The case was first launched by L'Oréal in 2007 when it filed related lawsuits against eBay in the UK, Belgium and France.
It argued that restricting the distribution of its products and preventing them from being distributed would protect consumers from buying counterfeit goods.
L'Oréal complained that eBay "directs its users to goods that infringe trademark law, which are offered for sale on its website". It claimed this includes the practice of purchasing keywords relating to L'Oréal trademarks from paid search services, such as Google’s Adwords.
The High Court of Justice for England and Wales referred questions to the European Court of Justice in August 2009, after it ruled that eBay could not be held responsible for the sale of counterfeit goods.
Today's ruling means that brand owners will be able to initiate legal proceedings against online marketplaces if they play an "active role" in promoting counterfeit goods.
The EU judges ruled that: "National courts now must be able to order those companies to take measures intended not only to bring to an end infringements of intellectual property rights but also to prevent further infringements of that kind."
It said when the operator has played an active role to give it knowledge of, or control over, the data relating to the offers for sale of that kind, "it cannot rely on the exemption from liability which EU law confers, under certain conditions, on online service providers such as operators of internet marketplaces."
It said that national courts are able to order the operator to take measures to end the infringements, and the injunctions made must be "effective, proportionate, and dissuasive and must not create barriers to legitimate trade".
Emily Devlin, IP specialist at law firm Osborne Clark said: "Although there are no outright winners in this case, luxury brand owners will see the ruling as a useful step towards preventing the sale of counterfeit goods via online marketplaces."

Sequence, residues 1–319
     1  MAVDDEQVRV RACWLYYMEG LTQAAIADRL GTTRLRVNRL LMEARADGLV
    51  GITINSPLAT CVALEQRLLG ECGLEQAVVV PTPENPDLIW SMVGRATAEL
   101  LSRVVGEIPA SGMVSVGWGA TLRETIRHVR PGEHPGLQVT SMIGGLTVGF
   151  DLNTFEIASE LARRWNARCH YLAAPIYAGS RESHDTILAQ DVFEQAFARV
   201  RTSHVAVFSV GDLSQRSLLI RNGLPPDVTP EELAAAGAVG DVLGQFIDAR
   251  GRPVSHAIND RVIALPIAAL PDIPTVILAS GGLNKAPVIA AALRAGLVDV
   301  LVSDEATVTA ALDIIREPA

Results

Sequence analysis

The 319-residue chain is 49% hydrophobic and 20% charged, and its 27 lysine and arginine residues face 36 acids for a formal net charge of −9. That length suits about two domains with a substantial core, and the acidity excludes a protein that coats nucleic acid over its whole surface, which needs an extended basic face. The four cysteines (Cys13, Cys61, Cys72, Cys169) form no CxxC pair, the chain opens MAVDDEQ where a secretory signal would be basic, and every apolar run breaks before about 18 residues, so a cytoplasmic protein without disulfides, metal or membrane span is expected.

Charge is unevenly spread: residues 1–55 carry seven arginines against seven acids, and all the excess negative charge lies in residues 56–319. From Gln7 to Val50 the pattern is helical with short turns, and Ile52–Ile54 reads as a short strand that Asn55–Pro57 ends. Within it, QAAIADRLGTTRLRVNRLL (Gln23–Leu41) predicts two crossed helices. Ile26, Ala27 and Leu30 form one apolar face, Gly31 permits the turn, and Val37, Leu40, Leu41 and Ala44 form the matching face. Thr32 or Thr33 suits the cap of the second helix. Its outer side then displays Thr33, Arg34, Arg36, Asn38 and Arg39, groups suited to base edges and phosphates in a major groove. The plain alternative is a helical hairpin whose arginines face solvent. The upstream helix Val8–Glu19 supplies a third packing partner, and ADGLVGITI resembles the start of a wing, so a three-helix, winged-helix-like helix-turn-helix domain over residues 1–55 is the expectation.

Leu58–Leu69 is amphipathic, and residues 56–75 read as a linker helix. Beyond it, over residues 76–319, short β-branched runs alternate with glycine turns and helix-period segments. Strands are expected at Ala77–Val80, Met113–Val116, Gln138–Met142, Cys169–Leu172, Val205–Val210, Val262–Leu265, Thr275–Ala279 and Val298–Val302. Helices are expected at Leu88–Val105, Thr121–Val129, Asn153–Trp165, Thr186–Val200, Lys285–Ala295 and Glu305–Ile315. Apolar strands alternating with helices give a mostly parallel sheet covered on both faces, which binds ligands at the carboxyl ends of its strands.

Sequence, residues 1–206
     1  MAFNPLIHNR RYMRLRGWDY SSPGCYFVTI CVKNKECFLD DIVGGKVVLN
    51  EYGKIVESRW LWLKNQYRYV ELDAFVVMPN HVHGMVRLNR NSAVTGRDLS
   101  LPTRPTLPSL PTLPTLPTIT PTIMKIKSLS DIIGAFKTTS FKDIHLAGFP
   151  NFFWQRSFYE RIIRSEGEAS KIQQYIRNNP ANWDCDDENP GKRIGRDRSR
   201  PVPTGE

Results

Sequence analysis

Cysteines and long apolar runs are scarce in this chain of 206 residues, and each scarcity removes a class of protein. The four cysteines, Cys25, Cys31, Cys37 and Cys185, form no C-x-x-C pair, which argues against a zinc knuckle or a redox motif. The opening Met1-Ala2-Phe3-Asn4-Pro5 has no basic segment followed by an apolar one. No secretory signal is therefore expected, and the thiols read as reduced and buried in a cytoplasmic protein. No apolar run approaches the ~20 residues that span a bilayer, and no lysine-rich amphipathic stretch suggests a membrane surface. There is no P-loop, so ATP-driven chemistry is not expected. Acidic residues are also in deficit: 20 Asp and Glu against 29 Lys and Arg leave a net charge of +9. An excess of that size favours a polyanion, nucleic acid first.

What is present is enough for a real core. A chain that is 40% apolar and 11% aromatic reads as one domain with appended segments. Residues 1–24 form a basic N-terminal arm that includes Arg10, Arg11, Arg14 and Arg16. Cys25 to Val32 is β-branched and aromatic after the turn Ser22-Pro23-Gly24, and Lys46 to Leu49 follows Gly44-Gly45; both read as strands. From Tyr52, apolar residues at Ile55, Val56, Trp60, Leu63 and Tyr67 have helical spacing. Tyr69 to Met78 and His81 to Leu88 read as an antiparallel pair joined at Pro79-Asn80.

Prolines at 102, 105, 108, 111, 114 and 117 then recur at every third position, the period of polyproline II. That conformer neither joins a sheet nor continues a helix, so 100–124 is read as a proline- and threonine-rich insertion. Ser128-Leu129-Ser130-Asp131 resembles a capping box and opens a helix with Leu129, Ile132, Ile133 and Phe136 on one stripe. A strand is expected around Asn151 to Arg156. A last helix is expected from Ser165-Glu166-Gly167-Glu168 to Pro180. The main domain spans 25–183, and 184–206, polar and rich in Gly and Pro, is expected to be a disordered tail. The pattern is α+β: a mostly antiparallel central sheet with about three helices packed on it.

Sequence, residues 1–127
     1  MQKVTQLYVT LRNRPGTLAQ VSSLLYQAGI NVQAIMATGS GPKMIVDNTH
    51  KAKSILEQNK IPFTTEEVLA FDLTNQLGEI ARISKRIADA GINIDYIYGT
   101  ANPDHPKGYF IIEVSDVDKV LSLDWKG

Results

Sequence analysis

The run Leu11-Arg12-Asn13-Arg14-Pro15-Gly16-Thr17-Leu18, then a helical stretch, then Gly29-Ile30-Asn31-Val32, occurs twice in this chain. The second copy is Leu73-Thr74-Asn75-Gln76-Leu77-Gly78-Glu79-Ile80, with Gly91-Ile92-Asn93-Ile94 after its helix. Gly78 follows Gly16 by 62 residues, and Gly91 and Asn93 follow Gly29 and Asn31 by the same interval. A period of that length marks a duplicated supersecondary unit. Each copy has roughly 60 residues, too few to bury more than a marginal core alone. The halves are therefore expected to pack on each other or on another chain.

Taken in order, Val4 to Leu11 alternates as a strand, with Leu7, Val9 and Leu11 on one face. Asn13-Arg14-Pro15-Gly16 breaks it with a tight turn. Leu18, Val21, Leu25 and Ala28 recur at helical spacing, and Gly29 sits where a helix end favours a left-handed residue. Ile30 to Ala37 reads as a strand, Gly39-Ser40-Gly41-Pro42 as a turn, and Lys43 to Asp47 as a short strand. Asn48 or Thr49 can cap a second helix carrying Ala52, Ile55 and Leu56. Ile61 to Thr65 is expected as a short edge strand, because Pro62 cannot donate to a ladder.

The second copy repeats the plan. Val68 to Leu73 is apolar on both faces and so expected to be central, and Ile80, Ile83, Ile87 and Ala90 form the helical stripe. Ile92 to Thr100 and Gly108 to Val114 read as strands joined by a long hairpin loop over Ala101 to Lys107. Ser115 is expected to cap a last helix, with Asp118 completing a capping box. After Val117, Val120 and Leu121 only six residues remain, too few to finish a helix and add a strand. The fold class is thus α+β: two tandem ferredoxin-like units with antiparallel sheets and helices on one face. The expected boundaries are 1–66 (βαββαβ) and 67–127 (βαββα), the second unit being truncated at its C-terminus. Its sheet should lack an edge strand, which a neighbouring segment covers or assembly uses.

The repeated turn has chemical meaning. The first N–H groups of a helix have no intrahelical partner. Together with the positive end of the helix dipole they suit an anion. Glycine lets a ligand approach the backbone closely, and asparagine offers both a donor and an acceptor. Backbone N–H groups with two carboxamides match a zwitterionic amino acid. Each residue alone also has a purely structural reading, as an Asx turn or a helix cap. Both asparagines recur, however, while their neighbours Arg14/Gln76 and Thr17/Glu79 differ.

They may be disappointed that the CJEU didn't go further and make platforms like eBay responsible for actively policing the way in which their sites are used, but the judgment recognises that would be an impossible task given the scale of these sites."
Stefan Krawczyk, senior director and counsel government relations at eBay Europe, said: "The judgment provides some clarity on certain issues, and ensures that all brands can be traded online in Europe.
"As a marketplace, eBay provides a level playing field for all online sellers and will continue building constructive partnerships to expand the range of brands being sold on eBay."
A L'Oréal spokesman said: "L’Oréal is satisfied with the ruling of the Court of Justice of the European Union rendered today which is a step towards effectively combating the sale of counterfeiting brands and products via the internet.
"The Court of Justice ruled that, as stipulated by trademark laws, national courts must be able to order companies operating internet marketplaces to take measures to prevent the sales of counterfeit products, the sale of unboxed products and not-for-sale products, and the sales of goods imported within the European Union without the consent of the trademark owners.
"This decision is in line with the position L’Oréal has taken for several years and is applicable in courts throughout the European Union."